For Countries Implementing the New Urban Agenda, A New Study on Latin America’s National Urban Laws Is a Valuable Resource
Countries seeking to implement National Urban Policies need a strong legal framework. A new Cities Alliance study on urban laws in Latin America and the Caribbean offers important insights.
[25 April 2018] -- The idea of this publication emerged from a series of side events in preparation for the Third United Nations Conference on Housing and Sustainable Urban Development (Habitat III) in 2016. It gathered momentum in Quito, along with the increasing awareness of the critical role national frameworks play in enabling local action towards more sustainable, equitable, democratic and inclusive cities: the backbone of national urban policies, which are a priority for the New Urban Agenda.
Ideally, national urban policies should be perceived as a process that can lead towards a broader framework that includes investment programmes, citizenship participation channels, a legal structure as a foundation for policy integration at city level, and a stronger urban sector overall.
To help support this process at the global scale, Cities Alliance recently published an important new study titled An overview of national urban laws in Latin America and the Caribbean: case studies from Brazil, Colombia and Ecuador. It is the first time that information on urban legal frameworks in LAC has been collected, mapped, and analysed.
For the Cities Alliance, urban know-how and innovation from the Latin America and the Caribbean region (LAC) region is crucial to informing its global and regional programmes, and to addressing its core mission of promoting equitable cities. And with the extensive mapping of urban laws in LAC and careful analysis in this new publication, it will be a valuable resource for countries who are considering improving their national legal framework, which is a necessary part of consolidating a national urban agenda.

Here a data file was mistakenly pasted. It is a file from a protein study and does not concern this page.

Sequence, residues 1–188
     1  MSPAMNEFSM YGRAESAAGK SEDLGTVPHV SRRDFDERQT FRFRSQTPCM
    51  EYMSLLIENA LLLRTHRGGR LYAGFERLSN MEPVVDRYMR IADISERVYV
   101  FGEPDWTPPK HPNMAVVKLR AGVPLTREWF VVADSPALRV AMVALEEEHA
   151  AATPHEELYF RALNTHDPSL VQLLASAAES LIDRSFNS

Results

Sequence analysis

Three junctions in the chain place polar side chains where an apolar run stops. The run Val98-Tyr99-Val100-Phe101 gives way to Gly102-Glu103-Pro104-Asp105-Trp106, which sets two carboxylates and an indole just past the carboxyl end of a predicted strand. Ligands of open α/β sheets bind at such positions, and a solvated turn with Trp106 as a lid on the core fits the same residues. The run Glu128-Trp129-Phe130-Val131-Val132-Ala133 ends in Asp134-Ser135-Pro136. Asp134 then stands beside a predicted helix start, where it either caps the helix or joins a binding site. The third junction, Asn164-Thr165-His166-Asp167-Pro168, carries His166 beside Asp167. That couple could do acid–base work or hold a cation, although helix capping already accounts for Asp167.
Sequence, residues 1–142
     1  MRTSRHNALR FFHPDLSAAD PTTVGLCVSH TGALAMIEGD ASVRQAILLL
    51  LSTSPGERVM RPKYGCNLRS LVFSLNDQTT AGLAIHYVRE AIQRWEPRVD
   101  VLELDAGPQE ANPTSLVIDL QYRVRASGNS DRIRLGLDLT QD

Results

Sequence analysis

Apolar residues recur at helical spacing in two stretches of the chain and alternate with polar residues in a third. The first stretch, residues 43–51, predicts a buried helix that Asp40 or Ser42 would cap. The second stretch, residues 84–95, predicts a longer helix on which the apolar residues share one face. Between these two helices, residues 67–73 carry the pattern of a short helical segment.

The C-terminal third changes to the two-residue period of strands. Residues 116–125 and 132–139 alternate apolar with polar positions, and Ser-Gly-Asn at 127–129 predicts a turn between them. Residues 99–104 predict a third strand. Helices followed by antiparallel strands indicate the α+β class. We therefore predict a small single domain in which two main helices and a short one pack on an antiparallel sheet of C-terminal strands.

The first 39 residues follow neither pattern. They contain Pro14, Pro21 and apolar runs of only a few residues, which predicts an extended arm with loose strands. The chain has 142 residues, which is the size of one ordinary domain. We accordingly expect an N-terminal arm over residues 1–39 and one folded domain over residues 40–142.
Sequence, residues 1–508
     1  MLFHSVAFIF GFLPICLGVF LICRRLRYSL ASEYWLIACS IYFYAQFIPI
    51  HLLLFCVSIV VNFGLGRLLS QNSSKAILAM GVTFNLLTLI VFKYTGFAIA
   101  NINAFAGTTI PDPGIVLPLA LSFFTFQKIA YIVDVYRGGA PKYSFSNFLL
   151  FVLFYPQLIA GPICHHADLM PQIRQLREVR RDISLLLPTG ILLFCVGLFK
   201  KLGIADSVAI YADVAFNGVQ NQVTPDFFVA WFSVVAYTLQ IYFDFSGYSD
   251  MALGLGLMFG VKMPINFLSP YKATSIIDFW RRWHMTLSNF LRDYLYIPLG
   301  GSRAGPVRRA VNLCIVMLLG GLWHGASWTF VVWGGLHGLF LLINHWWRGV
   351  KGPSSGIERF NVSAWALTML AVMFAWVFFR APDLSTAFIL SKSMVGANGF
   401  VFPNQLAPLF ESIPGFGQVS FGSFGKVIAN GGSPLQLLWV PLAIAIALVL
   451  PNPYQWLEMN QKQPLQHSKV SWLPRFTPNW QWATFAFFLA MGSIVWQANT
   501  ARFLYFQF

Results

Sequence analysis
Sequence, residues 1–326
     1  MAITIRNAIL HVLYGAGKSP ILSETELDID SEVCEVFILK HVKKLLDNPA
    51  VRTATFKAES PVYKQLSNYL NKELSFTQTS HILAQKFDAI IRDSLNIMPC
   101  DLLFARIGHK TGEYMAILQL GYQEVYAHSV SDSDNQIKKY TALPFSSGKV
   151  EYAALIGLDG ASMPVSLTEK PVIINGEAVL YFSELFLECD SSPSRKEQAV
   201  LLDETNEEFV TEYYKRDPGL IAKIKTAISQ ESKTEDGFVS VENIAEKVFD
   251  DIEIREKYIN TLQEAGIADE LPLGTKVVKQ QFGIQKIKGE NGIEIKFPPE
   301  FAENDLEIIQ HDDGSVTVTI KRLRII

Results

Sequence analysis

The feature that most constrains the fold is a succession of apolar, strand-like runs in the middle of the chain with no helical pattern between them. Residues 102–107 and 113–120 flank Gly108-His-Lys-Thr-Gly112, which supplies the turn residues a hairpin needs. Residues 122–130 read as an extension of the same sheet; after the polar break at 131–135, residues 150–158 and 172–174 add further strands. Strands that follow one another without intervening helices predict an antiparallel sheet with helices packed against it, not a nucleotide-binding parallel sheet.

The study was developed in three major parts: Mapping, examples, and comparative analysis, which includes strategic recommendations and new trends emerging in the region. It provides the urban community with concrete examples and mechanisms that can help pave the way for implementing the New Urban Agenda.
An overview of national urban laws complements the Habitat III process, whose major achievement was a consensus on principles and roles for a first global commitment in the urban sector. The study adds value to previous processes and agreements at the global and regional levels, helping advance the discussion with very structured knowledge and analysis.
Examples of national urban laws
The publication looks at the main elements that need to be considered when constructing a national legal framework from the standpoint of urban reform. It takes a pragmatic approach and delves into the subject, exemplifying how Brazil, Colombia and Ecuador have managed the process of developing national urban laws, including drafting the law, how it was conceived, and the implementation process.
These three countries were chosen based on a common denominator: Recognition of the social function of the land and the city, one of the key principles stated in the New Urban Agenda. In my view, this is the most critical and urgent issue that must be addressed in order to promote equitable cities and, especially in LAC, to overcome the historical territorial segregation among rich and poor.